Biden's Push for Infrastructure Can't Leave Black Communities BehindRoundup
tags: infrastructure, racism, urban history, redlining, real estate
N. D. B. Connolly directs the Program in Racism, Immigration and Citizenship at Johns Hopkins University, where he occupies the Herbert Baxter Adams chair in the department of history. He’s also author of A World More Concrete: Real Estate and the Remaking of Jim Crow South Florida.
In his first State of the Union address March 1, President Biden closed the door on a trillion-dollar economic and civil rights agenda and snapped Democratic politics back into an ancient and unfortunate shape. A lost standoff with Sen. Joe Manchin III (D-W.Va.) — who sat among the Republicans during Biden’s address — forced the president to abandon his Build Back Better plan and bail on promises to his party’s left flank.
While Biden touted many social spending initiatives — from early-childhood education to paid family leave — his framing proved noticeably different. Some of the most ambitious pieces of his earlier agenda disappeared completely, including expanded Medicare benefits. The president also embraced Clinton-era talk of reducing deficits and staving off inflation. “Economists call it ‘increasing the productive capacity of our economy,’ ” Biden explained. “I call it building a better America.”
His social proposals slashed, Biden continues to orchestrate what looks like the modern Infrastructure Presidency. His approach crested this past November, when the president signed a $1.2 trillion infrastructure package, the supposed first step in his administration’s vow to rebuild the country’s middle class. Now it threatens to be the only step.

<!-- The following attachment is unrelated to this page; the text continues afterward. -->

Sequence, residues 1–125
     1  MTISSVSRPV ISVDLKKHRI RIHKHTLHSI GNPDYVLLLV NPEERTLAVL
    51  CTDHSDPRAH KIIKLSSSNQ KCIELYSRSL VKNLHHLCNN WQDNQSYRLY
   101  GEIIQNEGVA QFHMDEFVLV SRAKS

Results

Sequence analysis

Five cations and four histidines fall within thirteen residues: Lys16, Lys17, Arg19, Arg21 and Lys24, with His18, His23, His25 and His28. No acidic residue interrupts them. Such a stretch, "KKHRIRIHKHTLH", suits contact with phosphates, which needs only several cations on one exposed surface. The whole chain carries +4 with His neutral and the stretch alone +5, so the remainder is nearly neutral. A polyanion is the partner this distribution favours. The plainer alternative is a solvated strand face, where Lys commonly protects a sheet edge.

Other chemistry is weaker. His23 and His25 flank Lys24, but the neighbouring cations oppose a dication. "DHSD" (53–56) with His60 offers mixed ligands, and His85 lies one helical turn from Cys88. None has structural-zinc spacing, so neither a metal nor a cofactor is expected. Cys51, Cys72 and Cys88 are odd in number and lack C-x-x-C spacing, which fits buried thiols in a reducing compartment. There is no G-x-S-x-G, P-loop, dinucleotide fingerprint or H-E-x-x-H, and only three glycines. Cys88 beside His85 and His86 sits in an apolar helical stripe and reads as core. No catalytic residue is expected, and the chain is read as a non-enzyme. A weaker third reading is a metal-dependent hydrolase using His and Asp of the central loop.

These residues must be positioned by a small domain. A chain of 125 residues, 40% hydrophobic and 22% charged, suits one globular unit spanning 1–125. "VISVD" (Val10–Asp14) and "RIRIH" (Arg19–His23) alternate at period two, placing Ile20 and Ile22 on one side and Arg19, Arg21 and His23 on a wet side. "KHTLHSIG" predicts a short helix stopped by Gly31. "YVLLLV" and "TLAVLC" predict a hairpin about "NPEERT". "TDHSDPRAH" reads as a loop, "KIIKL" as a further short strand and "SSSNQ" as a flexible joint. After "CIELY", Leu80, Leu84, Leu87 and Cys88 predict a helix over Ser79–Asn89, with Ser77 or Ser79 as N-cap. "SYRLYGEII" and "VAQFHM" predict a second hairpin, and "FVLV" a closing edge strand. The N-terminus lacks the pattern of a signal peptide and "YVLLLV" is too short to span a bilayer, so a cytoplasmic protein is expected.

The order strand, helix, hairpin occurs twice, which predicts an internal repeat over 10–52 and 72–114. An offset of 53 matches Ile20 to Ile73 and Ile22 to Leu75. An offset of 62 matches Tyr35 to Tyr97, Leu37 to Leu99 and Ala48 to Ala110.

Governing through growth did not begin with Biden (or Bill Clinton). It’s a political path as old as Jim Crow. It’s also the surest road to even deeper racial and economic inequality, one that begins with politicians’ misguided faith in infrastructure.
In America, infrastructure performs political and economic miracles, not just by moving goods and services, but through its ability to deflect protest and political organizing, to liquidate Black wealth, to appease White voters weary of the demands of people of color and to shepherd costs and benefits — invisibly, swiftly — along racial lines.
It’s called structural racism, but infrastructural racism might be just as accurate, for it entails targeted devaluations of Black neighborhoods. It helps mortgage brokers underwrite housing segregation. It enables real estate agents and urban planners to carry out racial containment. It allows regulators to ignore landlord and merchant profiteering. And it emboldens the political class, all the while, to declare that infrastructure advances the common good.
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